By Edwin Choy, Centre for Fathering
Today we shall focus on how we can use “solution talk” with our teens in a conflict. It is very common for teens to collide in their values with that of their parents. Last week we learnt that using problem talk in the form of blame and shame is not helpful. The good news is that parents can learn how to talk to our teens in a way they would listen.
The first step involves converting the problem into goals. Instead of focusing on the problems, it is better to be clear about what you want to see happen. With a clear goal in mind, we can engage our teens in the following ways:
a. Describe the problem calmly and give your teens the benefit of a doubt. For example you might say after describing the problem situation “you probably do this because”
b. Describe what you want to see happened instead. This is the goal you wished instead of the problems. The clearer you are about this goal to your teens, the easier it will be to achieve them. We cannot assume our teens know what we want.
c. Explain the benefits of achieving this goal. Our teens usually are not good at co-operating when they cannot see any benefits to what we asked them to do.
d. Express confidence in your teens to accomplish this goal. When our teens feel affirmed by us even in a conflict, they are more motivated to make changes toward a new goal. One way to express confidence in them is to draw on your teens’ past successes in dealing with similar situations.
e. When it is finally achieved, don’t forget to celebrate! Every small step taken by our teens in a positive direction needs to be appreciated and affirmed.
“Don’t forget to celebrate! Every small step taken by our teens in a positive direction needs to be appreciated and affirmed.”Edwin Choy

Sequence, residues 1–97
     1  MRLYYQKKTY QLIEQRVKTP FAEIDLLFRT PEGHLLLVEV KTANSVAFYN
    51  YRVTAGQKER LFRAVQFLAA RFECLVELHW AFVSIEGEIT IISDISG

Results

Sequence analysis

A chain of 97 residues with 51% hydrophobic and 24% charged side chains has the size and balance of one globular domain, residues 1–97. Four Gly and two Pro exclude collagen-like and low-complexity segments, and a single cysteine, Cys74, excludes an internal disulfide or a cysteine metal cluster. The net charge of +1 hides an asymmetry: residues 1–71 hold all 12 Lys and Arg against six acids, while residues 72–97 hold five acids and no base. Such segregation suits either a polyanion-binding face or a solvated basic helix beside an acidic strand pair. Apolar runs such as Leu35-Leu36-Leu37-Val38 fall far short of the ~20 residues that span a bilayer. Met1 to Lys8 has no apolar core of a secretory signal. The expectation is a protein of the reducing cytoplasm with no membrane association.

The above are just one possible approach to engage your teens in a solution focused coaching rather than problem talk. There are no guarantees in any approaches. However, when parents are able to focus on solutions rather than problems and at the same time draw on their strengths rather than highlighting their weaknesses, you have far greater chance of success in coaching your teens!
Next week we will discuss what we as coaches can do when our teens approach us to help them with their problem situation.
Reflection pointers for fathers …
- Remember a time when you wanted to achieve a goal. What helped you achieve the desired outcome? How can you apply that experience to your child?
- What is the predominant strength or positive trait in your child? How can you leverage on that to coach your child into solutions.
Action pointers for fathers …
Ask your children tonight what they would like to eat tomorrow. Download a recipe and try to cook it for them. Make a backup plan to order something they will definitely like to eat in case your attempted cooking session is not good.
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